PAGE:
Set up CloudCannon as your Hugo CMS and hand it over to your content team.
Setting up CloudCannon
Setting up visual editing in CloudCannon
Customizing the editing interface in CloudCannon
Deploy to live hosting
We’re at the last step of the series and we haven’t even mentioned client editing yet. How are we going to squeeze this all into one step?
Well, that’s the beauty of Bookshop. It has tight integration with CloudCannon — a Git-based CMS for Hugo — so there’s really not too much further to go before we can hand it over to our content team.
First, let’s do a bit of clean up. We no longer need the original source files and directories. Remove everything from the root folder except our precious
/hugo_src/ directory and the LICENSE file. Now move the contents of
/hugo_src/ to the root directory and remove the folder.
The integration with CloudCannon automatically detects each component and adds editable fields. For this to work, however, we need the loop that runs over the components to happen in a Bookshop component rather than in our layout. Create
/component-library/shared/hugo/page.hugo.html with the following:
/layouts/_default/single.html we can use our Bookshop partial. We’ll also add a special
bookshop_bindings partial that helps CloudCannon detect the components:
We’ll also make some small enhancements to the editing interface. CloudCannon has three types of editing interfaces:
For our pages we want to use the visual editor, for the posts the content editor is better suited. We can easily configure this by creating a
/cloudcannon.config.yaml file on our site with the following:
When the site builds on CloudCannon, we need to tell it to run the Bookshop npm library. Create
/.cloudcannon/postbuild with the following:
The npm package is required by Bookshop to enable live editing on CloudCannon. If you don’t have npm installed, check out the npm installation guide. Once npm is installed, run these commands in your terminal from the root directory:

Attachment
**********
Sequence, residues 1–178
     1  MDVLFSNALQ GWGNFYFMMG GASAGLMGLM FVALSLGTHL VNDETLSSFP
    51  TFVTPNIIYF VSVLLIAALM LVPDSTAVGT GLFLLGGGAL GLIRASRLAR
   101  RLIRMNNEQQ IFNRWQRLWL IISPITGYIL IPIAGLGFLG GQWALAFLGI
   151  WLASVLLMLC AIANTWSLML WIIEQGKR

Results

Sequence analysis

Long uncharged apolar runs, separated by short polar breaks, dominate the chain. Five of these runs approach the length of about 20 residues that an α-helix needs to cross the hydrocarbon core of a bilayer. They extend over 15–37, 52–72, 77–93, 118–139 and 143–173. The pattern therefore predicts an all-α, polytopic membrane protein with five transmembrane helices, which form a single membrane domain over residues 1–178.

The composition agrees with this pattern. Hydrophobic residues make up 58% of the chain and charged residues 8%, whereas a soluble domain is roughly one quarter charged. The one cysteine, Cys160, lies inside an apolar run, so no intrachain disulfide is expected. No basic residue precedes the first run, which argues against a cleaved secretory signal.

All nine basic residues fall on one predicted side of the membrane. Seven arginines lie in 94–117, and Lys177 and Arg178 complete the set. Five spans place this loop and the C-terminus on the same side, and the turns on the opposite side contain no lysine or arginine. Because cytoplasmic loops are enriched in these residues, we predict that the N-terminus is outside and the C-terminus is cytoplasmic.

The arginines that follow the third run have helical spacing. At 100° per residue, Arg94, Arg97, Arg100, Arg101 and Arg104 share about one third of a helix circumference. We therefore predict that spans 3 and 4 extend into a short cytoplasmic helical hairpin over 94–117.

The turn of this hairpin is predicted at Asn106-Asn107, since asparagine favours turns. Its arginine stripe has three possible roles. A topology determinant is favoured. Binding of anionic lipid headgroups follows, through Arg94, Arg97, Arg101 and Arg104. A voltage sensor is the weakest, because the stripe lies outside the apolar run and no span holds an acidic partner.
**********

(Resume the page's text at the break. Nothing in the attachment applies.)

One added benefit of the Bookshop npm package is it includes an entirely standalone component browser. Run the following in your terminal:
Now navigate to http://localhost:30775/. Clicking on the folder you’ll see a full list of your components. Clicking one renders it and allows you to interact with the front matter live. In this case, there are no styles as we haven’t used Bookshop’s convention for component CSS. If you were building components from scratch, the component browser is particularly useful for quickly iterating on a component without having to build the entire Hugo site.
Now it’s CloudCannon time. Sign up for an account if you don’t already have one. From here you can either push your site to a repository on your favorite Git provider or upload your site folder directly. The next screen should detect you’re using Hugo and let you configure the build. Our new site is fairly vanilla, though, so we shouldn’t need to tweak anything here.
After completing this step, your site should kick off a build and complete successfully. Click on “Pages” in the left sidebar, then “Home” and you’ll be in the Visual Editing interface.
This is where the magic happens. You can click on any component, which will bring up a small panel. Clicking the pencil icon and updating the content, reordering with the arrows, deleting a component, or adding a new one with the plus will update the page live — with no guesswork necessary.
Have a play around with your new, custom-built component system and admire all your hard work! You’ve done it! Even better, CloudCannon includes hosting. Clicking the *.cloudvent.net address on your site will take you to the live, publicly available preview website.
This site is almost ready to hand off to a client or content editing team. Let’s make one final tweak to give you a glimpse into how you can customize the editing interface.
You might have noticed that CloudCannon tries to guess the field type, for example showing an upload input for images. If CloudCannon is not sure, it’ll show a text field. The icon field represents an icon but it’s currently a text box with a string like
ti-desktop. Our content editors won’t have any context or know what they can change this to. We could send them to the Themify docs as a reference, but that takes them out of the editing experience. Instead, let’s change this input to be a dropdown of all the available icon values.
On your site click the files and open
cloudcannon.config.yaml. This opens up the code editor which allows us to make changes directly on CloudCannon. There’s hundreds of icon options so instead of showing a hugely long code snippet, here’s a link to it. Replace the contents of
cloudcannon.config.yaml with this snippet, save, and have a look at the editing input now.
This only scratches the surface of what is possible with customizing inputs on CloudCannon. To get a full idea of what’s possible, have a look at our input documentation.
That brings us to the end of this tutorial. We set out to turn a Bootstrap template into a client-ready Hugo site. I think the end result speaks for itself.